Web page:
Frank B. Wilderson III

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Frank B. Wilderson III (born April 11, 1956) is an American writer, dramatist, filmmaker and critic.


The Prison Slave as Hegemony's (Silent) Scandal[edit]

in Warfare in the American Homeland: Policing and Prison in a Penal Democracy (Duke University Press: 2007)
  • In The Wretched of the Earth, Fanon makes two moves with respect to civil society. First, he locates its genuine manifestation in Europe—the motherland. Then, with respect to the colony, he locates it only in the zone of the settler. This second move is vital for our understanding of black positionality in America and for understanding the, at best, limitations of radical social movements in America. For if we are to follow Fanon’s analysis and the gestures toward this understanding in some of the work of imprisoned intellectuals, then we have to come to grips with the fact that, for black people, civil society itself—rather than its abuses or shortcomings—is a state of emergency.
    • p. 24
  • Whiteness, then—and, by extension, civil society cannot be solely “represented” as some monumentalized coherence of phallic signifiers but must first be understood as a social formation of contemporaries who do not magnetize bullets. This is the essence of their construction through an asignifying absence; their signifying presence is manifested by the fact that they are, if only by default, deputized against those who do magnetize bullets. In short, white people are not simply “protected” by the police. They are—in their very corporeality—the police.
    • p. 25
  • The black subject reveals the inability of social movements grounded in Gramscian discourse to think of white supremacy (rather than capitalism) as the base and thereby calls into question their claim to elaborate a comprehensive and decisive antagonism. Stated another way, Gramscian discourse and coalition politics are indeed able to imagine the subject that transforms itself into a mass of antagonistic identity formations—formations that can precipitate a crisis in wage slavery, exploitation, and hegemony—but they are asleep at the wheel when asked to provide enabling antagonisms toward unwaged slavery, despotism, and terror.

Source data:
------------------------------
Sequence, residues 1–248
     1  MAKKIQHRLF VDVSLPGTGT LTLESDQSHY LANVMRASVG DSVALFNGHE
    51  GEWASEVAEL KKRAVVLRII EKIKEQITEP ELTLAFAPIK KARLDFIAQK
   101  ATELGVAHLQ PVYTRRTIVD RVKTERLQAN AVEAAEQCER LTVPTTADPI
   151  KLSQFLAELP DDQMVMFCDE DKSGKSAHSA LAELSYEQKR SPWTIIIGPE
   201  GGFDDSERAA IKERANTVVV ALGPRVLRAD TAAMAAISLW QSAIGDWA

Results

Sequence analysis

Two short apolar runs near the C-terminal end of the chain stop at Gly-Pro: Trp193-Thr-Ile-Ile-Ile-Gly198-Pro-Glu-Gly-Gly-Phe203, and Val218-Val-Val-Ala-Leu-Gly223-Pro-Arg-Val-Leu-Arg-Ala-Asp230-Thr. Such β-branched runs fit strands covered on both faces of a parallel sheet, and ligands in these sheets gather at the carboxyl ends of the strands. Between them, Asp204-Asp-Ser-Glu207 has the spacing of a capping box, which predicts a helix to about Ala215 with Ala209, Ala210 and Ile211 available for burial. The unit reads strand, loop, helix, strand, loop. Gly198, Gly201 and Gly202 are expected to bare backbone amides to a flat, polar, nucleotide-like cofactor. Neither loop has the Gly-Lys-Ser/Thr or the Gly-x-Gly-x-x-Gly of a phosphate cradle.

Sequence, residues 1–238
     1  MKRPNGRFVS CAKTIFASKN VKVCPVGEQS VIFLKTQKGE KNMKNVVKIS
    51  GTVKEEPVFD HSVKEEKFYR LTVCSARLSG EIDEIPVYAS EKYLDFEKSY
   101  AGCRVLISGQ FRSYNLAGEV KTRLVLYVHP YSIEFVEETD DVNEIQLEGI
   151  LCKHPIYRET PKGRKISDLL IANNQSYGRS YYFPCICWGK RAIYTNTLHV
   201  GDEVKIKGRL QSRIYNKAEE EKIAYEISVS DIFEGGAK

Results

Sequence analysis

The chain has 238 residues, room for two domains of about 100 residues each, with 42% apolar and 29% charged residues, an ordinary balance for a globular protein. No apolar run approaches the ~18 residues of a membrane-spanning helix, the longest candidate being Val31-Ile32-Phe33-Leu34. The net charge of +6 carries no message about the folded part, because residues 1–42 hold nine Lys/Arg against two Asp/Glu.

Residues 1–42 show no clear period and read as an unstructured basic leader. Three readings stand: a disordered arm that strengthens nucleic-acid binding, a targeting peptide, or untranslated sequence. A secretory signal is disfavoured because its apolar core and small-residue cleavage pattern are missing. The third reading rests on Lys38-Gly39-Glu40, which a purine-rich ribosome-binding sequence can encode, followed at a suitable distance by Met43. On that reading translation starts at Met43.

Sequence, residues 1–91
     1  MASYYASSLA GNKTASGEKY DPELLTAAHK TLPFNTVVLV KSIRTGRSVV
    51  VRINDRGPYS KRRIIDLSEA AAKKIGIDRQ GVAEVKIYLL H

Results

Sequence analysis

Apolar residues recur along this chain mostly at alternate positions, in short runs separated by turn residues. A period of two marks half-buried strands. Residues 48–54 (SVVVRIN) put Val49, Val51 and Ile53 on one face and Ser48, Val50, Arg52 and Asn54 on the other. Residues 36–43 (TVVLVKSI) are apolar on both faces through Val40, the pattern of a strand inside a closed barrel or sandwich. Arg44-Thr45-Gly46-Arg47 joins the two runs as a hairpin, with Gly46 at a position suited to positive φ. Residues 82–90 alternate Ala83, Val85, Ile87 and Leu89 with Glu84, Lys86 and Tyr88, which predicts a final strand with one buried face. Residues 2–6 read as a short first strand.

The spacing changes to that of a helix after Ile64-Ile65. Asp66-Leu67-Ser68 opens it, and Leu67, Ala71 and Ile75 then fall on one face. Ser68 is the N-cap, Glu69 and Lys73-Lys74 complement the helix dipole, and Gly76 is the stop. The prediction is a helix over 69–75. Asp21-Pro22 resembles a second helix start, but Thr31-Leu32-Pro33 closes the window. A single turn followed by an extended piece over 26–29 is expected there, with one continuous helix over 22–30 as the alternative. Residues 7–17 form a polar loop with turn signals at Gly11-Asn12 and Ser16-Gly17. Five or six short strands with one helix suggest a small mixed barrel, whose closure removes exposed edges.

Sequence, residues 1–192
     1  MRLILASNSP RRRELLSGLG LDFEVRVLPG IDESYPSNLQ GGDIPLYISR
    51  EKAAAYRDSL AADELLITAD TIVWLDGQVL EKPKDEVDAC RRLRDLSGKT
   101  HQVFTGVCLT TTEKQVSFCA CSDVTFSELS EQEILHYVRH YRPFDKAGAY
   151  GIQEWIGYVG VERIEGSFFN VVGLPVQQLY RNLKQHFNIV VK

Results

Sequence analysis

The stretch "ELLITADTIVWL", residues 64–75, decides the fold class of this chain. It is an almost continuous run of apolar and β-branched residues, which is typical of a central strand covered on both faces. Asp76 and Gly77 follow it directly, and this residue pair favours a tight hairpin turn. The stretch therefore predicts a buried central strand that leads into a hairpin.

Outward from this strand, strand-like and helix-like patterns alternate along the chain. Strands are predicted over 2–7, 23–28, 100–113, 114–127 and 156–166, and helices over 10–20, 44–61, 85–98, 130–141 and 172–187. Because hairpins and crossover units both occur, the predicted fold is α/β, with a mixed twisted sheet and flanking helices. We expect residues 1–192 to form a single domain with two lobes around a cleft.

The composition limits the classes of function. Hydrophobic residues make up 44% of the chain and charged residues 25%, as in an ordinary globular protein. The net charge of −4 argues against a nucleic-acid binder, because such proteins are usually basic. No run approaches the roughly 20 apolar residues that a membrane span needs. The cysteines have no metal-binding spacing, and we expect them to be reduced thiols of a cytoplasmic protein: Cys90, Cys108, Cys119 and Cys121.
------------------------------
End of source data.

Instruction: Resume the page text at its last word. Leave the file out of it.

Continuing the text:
• p. 27
  • We begin to see how Marxism suffers from a kind of conceptual anxiety. There is a desire for socialism on the other side of crisis, a society that does away not with the category of worker but with the imposition that workers suffer under the approach of variable capital. In other words, the mark of its conceptual anxiety is in its desire to democratize work and thus help to keep in place and ensure the coherence of Reformation and Enlightenment foundational values of productivity and progress. This scenario crowds out other postrevolutionary possibilities—that is, idleness.
    • p. 27
  • Capital was kick-started by the rape of the African continent, a phenomenon that is central to neither Gramsci nor Marx. ... Capital was kick-started by approaching a particular body (a black body) with direct relations of force, not by approaching a white body with variable capital. Thus, one could say that slavery is closer to capital’s primal desire than is exploitation. It is a relation of terror as opposed to a relation of hegemony. Second, today, late capital is imposing a renaissance of this original desire, the direct relation of force, the despotism of the unwaged relation. This renaissance of slavery—that is, the reconfiguration of the prison-industrial complex—has once again as its structuring metaphor and primary target the black body.
    • p. 27-28
  • The worker calls into question the legitimacy of productive practices, while the slave calls into question the legitimacy of productivity itself.
    • p. 28

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